CIIP is run by and for people with energy limiting chronic illness (ELCI) and 63% of respondents to this research described themselves as completely housebound or often/sometimes housebound. The quarantining and cocooning brought about by the pandemic created a seismic shift in how we connect and communicate. Remote access is a crucial tool for equality and inclusion for many disabled people who are not able to attend face-to-face meetings and events.
This case study is based on a survey of disabled people’s experiences of remote access and its recommendations will support people within society who will remain confined to their home after lockdown ends. Remote access should never be used as a cheaper alternative or shortcut to meeting disabled peoples’ rights and entitlements to get out and participate in work, education, civil society or community life.
This guide covers using digital for inclusion in:
- Employment:including team meetings, training and workshops
- Higher Education: including lectures and conferencesPolitical meetings: for members and officers.
- Civic participation and co-production activities
- Telehealth care is an important area of consideration that lies outside the scope of this study.
- The technical side of remote access is crucial to ensuring inclusion and participation, but the attitude and commitment of organisers is just as important
- The role of the remote access facilitator is essential…
- Best results will be achieved with the involvement of an IT technician, both for the organiser and the attendee of the meeting.
- However, with commitment and creativity by organisers, remote participation can be achieved without professional IT involvement.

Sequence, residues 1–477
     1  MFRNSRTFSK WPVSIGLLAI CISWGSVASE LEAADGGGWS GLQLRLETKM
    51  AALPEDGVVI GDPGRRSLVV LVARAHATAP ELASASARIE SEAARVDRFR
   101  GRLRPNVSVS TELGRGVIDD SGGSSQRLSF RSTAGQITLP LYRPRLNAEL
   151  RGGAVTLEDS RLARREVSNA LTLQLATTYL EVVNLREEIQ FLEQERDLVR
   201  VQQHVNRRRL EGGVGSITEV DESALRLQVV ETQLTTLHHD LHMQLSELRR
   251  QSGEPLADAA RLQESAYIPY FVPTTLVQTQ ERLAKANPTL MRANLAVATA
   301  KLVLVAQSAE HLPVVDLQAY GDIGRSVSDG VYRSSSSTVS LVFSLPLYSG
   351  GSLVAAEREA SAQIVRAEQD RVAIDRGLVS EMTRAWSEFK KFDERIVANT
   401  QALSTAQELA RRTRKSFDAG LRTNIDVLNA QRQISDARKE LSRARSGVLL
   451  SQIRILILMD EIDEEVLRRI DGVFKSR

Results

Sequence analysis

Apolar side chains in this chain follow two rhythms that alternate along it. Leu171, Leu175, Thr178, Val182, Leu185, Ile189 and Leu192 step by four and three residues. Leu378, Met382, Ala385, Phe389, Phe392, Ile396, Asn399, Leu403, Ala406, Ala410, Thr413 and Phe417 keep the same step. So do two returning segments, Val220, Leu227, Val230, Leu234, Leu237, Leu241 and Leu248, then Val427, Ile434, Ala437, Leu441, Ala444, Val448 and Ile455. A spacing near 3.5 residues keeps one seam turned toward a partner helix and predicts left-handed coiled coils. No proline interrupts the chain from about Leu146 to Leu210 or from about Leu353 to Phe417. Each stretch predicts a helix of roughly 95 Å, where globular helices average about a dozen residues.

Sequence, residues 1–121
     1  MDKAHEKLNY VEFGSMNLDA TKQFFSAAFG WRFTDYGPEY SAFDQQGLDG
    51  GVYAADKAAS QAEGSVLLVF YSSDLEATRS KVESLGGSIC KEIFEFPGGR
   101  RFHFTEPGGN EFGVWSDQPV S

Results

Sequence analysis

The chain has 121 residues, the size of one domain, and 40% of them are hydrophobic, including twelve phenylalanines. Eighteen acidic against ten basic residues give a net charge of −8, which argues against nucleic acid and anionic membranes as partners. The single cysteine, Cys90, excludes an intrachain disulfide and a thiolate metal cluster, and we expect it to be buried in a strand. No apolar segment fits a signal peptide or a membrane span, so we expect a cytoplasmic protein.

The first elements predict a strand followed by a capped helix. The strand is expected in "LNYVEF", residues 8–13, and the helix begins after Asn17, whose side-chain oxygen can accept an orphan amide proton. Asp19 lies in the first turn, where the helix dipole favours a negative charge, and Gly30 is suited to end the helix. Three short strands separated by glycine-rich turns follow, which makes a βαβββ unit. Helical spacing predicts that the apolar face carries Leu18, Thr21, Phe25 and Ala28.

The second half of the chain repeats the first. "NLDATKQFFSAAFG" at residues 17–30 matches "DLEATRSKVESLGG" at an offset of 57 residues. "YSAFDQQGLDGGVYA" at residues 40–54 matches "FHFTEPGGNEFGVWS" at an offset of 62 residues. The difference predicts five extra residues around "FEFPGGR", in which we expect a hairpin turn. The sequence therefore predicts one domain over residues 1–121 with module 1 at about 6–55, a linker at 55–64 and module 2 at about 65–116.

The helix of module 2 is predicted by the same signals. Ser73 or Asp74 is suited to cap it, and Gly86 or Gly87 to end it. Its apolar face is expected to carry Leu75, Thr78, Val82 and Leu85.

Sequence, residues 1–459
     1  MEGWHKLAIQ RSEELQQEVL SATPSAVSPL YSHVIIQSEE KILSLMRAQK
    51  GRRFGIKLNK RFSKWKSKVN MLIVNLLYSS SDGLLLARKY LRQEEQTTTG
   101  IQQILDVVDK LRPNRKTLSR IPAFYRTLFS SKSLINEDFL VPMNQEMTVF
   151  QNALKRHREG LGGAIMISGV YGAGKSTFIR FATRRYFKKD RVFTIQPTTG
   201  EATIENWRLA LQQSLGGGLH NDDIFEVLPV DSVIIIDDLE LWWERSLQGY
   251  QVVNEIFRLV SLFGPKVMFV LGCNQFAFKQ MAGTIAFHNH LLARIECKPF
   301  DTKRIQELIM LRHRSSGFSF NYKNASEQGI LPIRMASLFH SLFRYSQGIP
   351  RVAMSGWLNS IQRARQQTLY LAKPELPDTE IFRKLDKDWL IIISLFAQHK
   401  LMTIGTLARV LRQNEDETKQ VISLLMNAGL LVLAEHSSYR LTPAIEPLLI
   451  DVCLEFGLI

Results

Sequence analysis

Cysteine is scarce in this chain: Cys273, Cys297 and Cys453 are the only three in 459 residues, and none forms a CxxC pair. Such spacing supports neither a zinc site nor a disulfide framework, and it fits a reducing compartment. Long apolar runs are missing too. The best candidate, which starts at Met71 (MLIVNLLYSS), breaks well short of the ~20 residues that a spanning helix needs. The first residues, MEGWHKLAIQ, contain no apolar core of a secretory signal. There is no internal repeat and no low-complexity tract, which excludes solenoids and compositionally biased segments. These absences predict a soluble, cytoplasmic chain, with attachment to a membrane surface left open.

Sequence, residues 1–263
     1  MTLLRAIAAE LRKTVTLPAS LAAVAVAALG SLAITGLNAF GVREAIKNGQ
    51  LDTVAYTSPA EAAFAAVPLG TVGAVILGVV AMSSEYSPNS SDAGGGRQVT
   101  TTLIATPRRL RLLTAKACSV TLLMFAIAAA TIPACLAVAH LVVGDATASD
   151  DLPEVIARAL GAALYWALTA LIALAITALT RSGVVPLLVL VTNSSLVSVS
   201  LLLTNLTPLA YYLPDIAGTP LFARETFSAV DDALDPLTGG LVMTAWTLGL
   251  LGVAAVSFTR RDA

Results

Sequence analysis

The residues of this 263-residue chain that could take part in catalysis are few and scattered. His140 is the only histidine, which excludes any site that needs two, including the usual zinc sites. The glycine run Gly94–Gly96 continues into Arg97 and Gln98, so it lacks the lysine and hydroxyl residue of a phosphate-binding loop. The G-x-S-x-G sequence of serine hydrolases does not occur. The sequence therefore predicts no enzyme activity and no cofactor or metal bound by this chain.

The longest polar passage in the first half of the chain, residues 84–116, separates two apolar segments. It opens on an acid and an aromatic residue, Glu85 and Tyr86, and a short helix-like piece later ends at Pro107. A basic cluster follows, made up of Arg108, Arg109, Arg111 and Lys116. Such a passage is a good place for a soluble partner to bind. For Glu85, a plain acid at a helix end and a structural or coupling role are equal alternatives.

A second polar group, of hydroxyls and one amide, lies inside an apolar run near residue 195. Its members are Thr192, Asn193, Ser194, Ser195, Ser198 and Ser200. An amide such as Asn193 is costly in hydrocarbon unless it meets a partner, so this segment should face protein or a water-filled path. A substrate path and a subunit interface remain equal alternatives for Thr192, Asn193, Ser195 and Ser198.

- Always have a trial of your technical set up before the event to check that it works and everyone knows their role. If possible include the attendees in the trial…
- Chairing skills and considerations are the same as for face-to-face meetings, but are even more important when including remote attendees
- The facilitator and the Chairperson must be separate roles, but they should work closely together”
For others, however, especially those of us already housebound due to ELCI (Energy Limiting Conditions and Disability ) before the pandemic, the remote access revolution unleashed by Lockdown brought us a new form of inclusion. We found our horizons broadened and our participation enabled as never before. When speaking about their experiences of remote access through Covid19, our respondents said:
“It has been a positive experience to participate in meetings I would have normally missed out on completely.”
"Remote access linked me to opportunities and community.”
“Remote access has made me feel more included and that a part of the 'outside' world is
coming to me."
"Remote access has been life changing, as it gave me the opportunity to mix with other people.”
"Many of us hope this new experience of access and inclusion will remain in place after Lockdown arrangements end. "
- Watch Catherine Hale's video to explain the work and secondly to broaden persceptions of online creators and curators.
- Read Turning the Remote Access Revolution into Reasonable Adjustments from The Chronic Illness Inclusion Project (CIIP)
- Read Other case studies and more
- Read the C.I.I.P case study in full: Chronic Illness Inclusion Project
- Website: chronicillnessinclusion.org.uk